Luigi Mantovani: sensitivity between views and landscapes

Luigi Mantovani is an artist who is not inclined to link himself to trends or groups, a personality of great coherence and stylistic continuity, appreciated above all for his landscape and urban views with an unmistakable character and profound sensitivity.

Born in Milan in 1880, he was encouraged to paint by his father Giuseppe and in 1896 he joined Accademia di Brera in Milan, attending courses related to Figure and Nude. He started to attend to local exhibitions with the IV Triennial Exhibition of Brera in 1900, an event that marked the beginning of his career.

Assiduous attendee of the Ambrosian cultural cenacles, he is one of the animators of the Meneghina family and he received a gold medal for the exhibition dedicated to the Lombard landscape, deserved with the work "Corso Vittorio Emanuele".

In 1930 the Micheli Gallery in via Brera dedicated him a monographic exhibition, which included numerous Roman views, glimpses of the Tiber, Piazza Navona, Palazzo Farnese, a production resulting from short trips in Rome, which he alternated with visits to Venice. Mantovani was inspired also and enchanted by the Alpine views.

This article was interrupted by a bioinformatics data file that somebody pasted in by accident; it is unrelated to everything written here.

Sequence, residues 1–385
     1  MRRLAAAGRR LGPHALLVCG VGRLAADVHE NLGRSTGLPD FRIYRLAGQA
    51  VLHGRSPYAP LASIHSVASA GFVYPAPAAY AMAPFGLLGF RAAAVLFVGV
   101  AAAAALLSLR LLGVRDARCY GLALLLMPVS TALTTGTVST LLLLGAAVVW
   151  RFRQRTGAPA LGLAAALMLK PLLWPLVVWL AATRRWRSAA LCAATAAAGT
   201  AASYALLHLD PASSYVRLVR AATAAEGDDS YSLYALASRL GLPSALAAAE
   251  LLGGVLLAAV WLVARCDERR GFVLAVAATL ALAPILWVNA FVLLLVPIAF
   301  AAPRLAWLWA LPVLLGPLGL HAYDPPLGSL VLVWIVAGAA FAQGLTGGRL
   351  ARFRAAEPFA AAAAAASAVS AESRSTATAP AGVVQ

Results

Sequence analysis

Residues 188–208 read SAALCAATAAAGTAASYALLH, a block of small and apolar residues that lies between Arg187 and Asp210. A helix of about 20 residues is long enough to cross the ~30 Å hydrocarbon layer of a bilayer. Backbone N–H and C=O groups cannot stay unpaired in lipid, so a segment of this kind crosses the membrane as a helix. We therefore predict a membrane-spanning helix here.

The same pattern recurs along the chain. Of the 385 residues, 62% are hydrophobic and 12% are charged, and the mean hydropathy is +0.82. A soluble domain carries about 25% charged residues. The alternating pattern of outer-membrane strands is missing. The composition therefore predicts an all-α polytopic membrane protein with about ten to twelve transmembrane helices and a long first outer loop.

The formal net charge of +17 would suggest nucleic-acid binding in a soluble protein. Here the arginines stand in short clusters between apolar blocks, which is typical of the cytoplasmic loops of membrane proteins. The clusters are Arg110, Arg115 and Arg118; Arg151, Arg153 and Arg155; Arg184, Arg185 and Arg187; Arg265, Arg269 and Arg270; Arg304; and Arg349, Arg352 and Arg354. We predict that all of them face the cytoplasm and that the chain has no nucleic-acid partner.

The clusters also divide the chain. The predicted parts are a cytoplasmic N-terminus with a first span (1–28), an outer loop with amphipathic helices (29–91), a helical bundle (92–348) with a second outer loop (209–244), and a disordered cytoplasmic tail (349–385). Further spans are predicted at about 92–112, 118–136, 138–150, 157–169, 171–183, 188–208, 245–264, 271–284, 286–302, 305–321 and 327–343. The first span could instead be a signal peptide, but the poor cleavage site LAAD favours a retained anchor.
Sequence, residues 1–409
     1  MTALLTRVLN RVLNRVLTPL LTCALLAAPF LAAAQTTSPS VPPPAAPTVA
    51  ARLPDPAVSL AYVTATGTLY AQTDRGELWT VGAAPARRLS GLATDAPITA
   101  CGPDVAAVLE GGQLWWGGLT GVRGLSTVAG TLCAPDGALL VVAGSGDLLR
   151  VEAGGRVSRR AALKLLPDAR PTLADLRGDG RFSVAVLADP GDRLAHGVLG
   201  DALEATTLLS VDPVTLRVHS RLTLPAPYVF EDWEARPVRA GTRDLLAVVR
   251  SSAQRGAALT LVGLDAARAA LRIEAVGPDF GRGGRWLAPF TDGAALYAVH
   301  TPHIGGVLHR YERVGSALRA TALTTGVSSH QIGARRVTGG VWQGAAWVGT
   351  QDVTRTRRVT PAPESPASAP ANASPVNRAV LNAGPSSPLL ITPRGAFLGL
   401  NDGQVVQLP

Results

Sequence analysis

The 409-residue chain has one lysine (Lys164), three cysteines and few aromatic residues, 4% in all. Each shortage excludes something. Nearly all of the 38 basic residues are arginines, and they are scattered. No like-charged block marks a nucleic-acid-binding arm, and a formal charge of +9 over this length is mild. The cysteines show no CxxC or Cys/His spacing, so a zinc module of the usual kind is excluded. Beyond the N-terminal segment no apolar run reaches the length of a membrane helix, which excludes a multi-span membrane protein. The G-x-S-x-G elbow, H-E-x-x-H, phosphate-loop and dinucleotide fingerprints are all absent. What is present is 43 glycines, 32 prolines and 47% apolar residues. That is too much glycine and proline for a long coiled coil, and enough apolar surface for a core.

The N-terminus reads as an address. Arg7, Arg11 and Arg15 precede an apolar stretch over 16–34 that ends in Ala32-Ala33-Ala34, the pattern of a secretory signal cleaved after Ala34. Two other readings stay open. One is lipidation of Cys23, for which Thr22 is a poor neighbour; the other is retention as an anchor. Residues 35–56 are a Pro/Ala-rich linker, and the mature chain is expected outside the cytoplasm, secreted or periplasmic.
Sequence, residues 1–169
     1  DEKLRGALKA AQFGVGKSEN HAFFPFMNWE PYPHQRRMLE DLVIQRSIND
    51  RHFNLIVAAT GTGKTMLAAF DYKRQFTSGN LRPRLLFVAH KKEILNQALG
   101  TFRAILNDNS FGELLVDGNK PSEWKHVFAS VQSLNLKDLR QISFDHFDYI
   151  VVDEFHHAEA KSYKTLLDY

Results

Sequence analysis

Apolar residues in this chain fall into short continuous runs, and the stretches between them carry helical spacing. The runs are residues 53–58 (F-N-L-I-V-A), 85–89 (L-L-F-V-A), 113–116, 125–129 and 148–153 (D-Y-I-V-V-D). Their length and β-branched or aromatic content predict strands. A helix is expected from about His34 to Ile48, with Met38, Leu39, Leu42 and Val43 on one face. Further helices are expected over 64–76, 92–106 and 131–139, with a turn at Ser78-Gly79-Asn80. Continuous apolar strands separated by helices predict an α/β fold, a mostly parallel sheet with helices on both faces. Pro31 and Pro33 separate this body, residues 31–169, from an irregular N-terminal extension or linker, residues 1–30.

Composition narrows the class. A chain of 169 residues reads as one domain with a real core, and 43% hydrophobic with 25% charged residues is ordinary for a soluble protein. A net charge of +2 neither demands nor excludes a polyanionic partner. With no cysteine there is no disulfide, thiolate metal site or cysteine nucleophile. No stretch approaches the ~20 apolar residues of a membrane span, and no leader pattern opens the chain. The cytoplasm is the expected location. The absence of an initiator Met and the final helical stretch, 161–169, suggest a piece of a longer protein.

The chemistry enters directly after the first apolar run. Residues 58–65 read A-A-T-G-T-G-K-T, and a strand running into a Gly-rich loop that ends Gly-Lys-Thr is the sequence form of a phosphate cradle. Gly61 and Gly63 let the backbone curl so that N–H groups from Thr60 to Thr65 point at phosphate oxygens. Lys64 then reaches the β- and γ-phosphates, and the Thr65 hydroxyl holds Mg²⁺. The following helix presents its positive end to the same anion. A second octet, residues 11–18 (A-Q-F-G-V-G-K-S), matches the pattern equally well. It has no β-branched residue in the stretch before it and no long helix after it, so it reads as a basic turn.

Luigi Mantovani died in Milan in 1957. His paintings appear in the most representative public collections in Milan such as: the Civic Collections of Art, the Chamber of Commerce, the collection of the Province in Palazzo Isimbardi, the Picture Gallery of the Maggiore Hospital. A retrospective homage was dedicated to him by the Society for Fine Arts and Permanent Exhibition of Milan in 1988.

One of the volumes in the Studiolo Fine Art Gallery series is dedicated to the artist, "Echoes from the Twentieth Century 2, LUIGI MANTOVANI" - Catalogue of the exhibition by N. Colombo and G. Cribiori - Paperback, 27x23 cm, 72 colour pages.